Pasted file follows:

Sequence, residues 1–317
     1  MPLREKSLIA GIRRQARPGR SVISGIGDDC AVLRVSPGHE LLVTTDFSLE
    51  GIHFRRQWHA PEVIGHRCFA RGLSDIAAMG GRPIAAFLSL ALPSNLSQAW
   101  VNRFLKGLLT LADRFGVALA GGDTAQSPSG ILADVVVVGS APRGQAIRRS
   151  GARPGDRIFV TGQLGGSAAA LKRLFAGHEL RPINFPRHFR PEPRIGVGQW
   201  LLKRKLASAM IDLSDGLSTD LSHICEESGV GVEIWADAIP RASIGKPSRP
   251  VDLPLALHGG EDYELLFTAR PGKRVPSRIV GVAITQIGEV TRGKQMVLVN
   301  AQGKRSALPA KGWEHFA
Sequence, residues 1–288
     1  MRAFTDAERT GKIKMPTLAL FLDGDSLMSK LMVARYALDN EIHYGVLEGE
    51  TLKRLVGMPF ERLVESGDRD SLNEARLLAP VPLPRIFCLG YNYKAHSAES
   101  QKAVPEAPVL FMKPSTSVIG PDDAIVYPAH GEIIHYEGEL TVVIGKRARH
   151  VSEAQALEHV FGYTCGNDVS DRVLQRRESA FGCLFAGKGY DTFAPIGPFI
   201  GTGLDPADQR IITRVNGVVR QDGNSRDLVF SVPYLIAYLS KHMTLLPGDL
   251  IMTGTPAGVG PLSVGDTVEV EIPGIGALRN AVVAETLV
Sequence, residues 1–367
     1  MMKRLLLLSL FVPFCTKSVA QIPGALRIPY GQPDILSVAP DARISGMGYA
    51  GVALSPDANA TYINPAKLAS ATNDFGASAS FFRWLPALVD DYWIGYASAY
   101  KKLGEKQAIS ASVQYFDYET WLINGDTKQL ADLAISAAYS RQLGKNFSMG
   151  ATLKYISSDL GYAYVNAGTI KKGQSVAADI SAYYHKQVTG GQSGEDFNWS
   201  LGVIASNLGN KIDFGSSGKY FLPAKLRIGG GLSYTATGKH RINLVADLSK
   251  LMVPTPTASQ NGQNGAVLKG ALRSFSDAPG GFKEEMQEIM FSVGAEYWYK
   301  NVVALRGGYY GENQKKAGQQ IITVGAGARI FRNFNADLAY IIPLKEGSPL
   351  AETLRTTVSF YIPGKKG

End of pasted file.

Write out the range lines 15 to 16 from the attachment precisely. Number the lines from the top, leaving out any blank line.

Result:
   251  IMTGTPAGVG PLSVGDTVEV EIPGIGALRN AVVAETLV
Sequence, residues 1–367